Maths & Music: Electric Guitar with Tom Rocks Maths!

In his latest video, popular maths YouTuber Dr. Tom Crawford finally embraces his rock star side and is learning to play the electric guitar! While we can’t wait to learn along with Tom, we can't help but think there must be a few beautiful equations and mathematical applications related to electric guitars! Here are three of our favourites:

  1. Fret Spacing X Pythagoras

Pythagoras’s main legacy is of course his formula of the relationship between the length of sides of a right-angled triangle, mainly thanks to it being named after him. However, there’s a lot more of his work that is well worth noting, particularly in relation to music! He noticed that the pitch of a musical note played on a guitar is inversely proportional to the length of the string. For example, halving the length of a string means it will vibrate twice as frequently, producing a note with a higher pitch - more precisely, the same note but an octave higher. Pythagoras used this concept to determine which fractions of a string would produce melodious-sounding notes, and it’s these exact fractions that are still used to place the frets on an electric guitar!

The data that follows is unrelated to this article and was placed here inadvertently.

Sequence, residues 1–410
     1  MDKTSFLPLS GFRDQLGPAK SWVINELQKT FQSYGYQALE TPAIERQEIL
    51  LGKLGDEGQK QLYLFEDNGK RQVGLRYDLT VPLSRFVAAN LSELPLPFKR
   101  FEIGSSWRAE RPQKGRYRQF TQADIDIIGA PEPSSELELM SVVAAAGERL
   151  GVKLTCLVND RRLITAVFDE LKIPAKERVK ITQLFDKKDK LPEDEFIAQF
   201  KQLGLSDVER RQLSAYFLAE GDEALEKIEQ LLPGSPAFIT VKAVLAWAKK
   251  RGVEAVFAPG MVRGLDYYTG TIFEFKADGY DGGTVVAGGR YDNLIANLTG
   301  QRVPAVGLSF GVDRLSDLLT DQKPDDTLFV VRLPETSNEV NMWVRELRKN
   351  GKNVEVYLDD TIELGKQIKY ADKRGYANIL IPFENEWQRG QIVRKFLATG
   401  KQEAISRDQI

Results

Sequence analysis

2.The body shape

In order to produce those beautiful melodies, a guitar's six (and sometimes more) strings have to be pulled pretty tight. This string tension can be up to about 60kg and even 90kg for a guitar with steel strings! For a guitar to support this force over its lifetime its form must be optimised: applying maths and physics allows us to find this ideal shape!

      3. Math Rock

Slightly less technical than Pythagoras and frequencies… But still with plenty of maths and the occasional electric guitar, math rock is a whole sub genre of music! And don’t worry, it’s not just geeks singing about their favourite equations (although we’re keen for that too). Described as a progressive indie rock, what defines maths rock is its irregularity. For example, most music, especially rock, sticks to the classic 4/4 time signature but changing frequently between a 5/4 or 11/8 signature is a common feature for math rock. Influenced by musicians who also have PhDs in maths, such as Canada’s Dan Snaith, this genre's sound is also distinctive thanks to its angular melodies, extended chords, atypical rhythmic structures and irregular stops and starts.